July 7, 1999 | By: Aimee D. Heald

In 1990, Steve Riggins, agricultural economist for the University of Kentucky College of Agriculture, realized a need for an international student exchange.

"Land grants have a long history of working with less developed countries," Riggins said. "We never do things with developed countries. I started thinking about the French and how we can learn something from them."

By 1992, students from UK and Etablissement National d'enseignement Superieur Agronomique de Dijon, a technical school in Dijon, France, were traveling across oceans to experience agriculture and life in each other's countries. The students from ENESAD are fulfilling part of the requirements for a five-year technical-based study program. They are required to have three internships during this five-year period; at least one in laboratory and one on some type of farm.

Twelve ENESAD students arrived on the UK campus June 21, 1999 and will stay seven to eight weeks. Three more students will arrive in August. The first week was spent touring Lexington and Kentucky attractions, including farms, historical landmarks, and the state capitol. On the other side of the exchange, six UK students currently are in France; two working on farms, four in labs. Six other UK students participated in an agricultural study tour for two weeks earlier this summer.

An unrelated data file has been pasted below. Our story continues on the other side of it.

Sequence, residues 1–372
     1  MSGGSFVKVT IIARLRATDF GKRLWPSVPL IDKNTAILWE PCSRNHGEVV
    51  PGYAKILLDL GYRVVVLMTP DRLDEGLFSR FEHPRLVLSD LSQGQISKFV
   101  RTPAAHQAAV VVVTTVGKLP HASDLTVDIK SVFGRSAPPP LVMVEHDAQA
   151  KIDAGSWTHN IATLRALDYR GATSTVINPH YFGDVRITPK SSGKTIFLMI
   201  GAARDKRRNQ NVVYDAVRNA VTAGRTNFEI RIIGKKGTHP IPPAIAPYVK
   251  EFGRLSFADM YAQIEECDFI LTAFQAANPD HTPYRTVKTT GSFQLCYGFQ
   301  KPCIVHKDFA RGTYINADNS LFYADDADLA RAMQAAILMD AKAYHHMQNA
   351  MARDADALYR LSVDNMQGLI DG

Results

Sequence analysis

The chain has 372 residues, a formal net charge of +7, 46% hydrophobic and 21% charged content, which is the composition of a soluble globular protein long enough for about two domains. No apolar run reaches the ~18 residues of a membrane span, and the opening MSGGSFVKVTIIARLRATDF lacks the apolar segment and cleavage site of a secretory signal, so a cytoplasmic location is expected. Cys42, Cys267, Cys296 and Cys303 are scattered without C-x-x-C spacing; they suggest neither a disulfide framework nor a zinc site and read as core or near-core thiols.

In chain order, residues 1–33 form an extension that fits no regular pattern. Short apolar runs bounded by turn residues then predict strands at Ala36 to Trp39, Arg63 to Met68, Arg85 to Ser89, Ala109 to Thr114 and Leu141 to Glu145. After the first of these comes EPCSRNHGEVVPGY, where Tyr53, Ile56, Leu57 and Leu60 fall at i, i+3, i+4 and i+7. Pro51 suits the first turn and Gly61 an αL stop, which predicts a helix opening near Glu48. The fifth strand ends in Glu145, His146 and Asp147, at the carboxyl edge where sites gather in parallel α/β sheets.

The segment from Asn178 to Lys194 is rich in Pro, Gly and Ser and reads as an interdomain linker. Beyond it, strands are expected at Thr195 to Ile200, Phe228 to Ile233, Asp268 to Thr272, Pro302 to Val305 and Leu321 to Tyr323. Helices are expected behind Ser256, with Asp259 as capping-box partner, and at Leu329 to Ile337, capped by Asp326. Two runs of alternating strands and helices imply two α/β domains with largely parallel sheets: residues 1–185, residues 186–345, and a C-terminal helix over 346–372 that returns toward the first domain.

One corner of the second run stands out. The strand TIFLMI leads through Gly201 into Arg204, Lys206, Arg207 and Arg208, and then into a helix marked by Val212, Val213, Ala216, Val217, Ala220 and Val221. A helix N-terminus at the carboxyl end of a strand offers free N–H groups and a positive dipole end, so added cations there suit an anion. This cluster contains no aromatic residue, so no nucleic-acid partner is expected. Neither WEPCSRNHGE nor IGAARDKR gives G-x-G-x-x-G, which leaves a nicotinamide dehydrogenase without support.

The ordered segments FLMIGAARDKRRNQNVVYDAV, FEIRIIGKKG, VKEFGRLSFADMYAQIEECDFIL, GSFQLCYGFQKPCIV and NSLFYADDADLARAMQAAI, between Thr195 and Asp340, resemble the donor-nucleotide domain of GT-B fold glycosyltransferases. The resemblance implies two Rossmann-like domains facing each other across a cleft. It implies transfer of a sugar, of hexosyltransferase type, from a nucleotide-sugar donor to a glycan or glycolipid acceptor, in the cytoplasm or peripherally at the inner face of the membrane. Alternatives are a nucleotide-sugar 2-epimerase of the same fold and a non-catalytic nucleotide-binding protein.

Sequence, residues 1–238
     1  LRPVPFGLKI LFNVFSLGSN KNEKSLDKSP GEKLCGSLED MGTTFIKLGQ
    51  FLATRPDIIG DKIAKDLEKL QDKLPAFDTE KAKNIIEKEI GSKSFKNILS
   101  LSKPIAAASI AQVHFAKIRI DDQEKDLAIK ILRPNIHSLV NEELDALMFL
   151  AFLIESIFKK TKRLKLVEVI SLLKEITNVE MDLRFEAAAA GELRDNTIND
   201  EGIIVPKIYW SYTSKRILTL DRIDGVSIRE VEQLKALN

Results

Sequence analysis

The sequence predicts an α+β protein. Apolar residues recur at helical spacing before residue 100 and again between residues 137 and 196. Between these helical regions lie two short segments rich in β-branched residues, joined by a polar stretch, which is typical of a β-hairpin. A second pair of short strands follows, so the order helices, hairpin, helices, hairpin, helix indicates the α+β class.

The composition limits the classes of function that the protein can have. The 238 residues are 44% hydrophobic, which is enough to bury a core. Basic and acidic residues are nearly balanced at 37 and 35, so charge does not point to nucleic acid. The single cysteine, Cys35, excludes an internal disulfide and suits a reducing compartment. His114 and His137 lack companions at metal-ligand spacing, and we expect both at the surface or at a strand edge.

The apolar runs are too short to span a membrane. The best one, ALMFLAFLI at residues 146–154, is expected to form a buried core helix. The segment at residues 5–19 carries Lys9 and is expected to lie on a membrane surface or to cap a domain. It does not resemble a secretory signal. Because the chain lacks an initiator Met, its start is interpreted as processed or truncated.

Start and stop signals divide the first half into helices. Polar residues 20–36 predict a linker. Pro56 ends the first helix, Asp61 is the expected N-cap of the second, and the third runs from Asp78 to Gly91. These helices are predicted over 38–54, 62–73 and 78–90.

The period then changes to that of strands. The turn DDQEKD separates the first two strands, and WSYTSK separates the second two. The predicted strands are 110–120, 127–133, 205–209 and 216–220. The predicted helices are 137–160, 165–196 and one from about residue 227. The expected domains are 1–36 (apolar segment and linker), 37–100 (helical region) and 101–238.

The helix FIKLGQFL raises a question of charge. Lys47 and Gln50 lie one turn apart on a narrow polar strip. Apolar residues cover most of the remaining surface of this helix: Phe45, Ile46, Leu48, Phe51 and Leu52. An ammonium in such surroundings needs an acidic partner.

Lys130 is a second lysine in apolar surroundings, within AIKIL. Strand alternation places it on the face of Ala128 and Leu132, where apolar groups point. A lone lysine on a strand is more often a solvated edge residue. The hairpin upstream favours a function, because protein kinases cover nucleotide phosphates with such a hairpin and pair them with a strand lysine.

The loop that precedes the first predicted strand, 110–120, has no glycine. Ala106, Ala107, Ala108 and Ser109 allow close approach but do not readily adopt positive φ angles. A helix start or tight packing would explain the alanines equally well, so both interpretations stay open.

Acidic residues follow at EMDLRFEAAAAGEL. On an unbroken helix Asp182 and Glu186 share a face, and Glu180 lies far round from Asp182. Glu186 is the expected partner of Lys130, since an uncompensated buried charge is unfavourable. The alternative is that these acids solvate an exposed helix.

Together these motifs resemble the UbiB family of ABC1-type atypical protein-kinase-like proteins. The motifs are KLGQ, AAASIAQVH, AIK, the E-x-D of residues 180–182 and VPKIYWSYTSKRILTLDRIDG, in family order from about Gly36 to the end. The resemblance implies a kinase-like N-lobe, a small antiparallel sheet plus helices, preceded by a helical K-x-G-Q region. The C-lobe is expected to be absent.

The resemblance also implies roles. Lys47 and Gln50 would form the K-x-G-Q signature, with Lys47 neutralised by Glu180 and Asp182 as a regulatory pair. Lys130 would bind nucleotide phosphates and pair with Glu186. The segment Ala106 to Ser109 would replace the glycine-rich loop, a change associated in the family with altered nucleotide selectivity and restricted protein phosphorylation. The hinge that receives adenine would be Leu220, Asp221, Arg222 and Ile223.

"They (french students) are good workers," Mike Reed, director for international programs for the UK College of Agriculture, said. "They are part of lab teams with our students. They bring their perspective on everything. The three students coming in August will be valuable to horse farms preparing for the September yearling sales."

With any international exchange, a language barrier does exist.

"Most of the UK students are not proficient in French," Joe Davis, associate dean for instruction for the UK College of Agriculture, said. "They can't take full advantage of their experience. On the other hand, the french students are fairly proficient in english, which allows them a broader integration into our system."

The paid internships provide students from both countries a chance to experience a different culture. Agriculture in the U.S. and Europe is very different. The students learn the worldwide nature of agriculture and see how the world is interrelated.

"We hope to expand this program in the future," Davis said. "It's important for students to get international internships and experience a different culture. I wish all our students could do it."


Writer: Aimee D. Heald 606-257-9764 aheald@ca.uky.edu

Sources: Steve Riggins 606-257-7256

Mike Reed 606-257-7259

Joe Davis 606-257-3468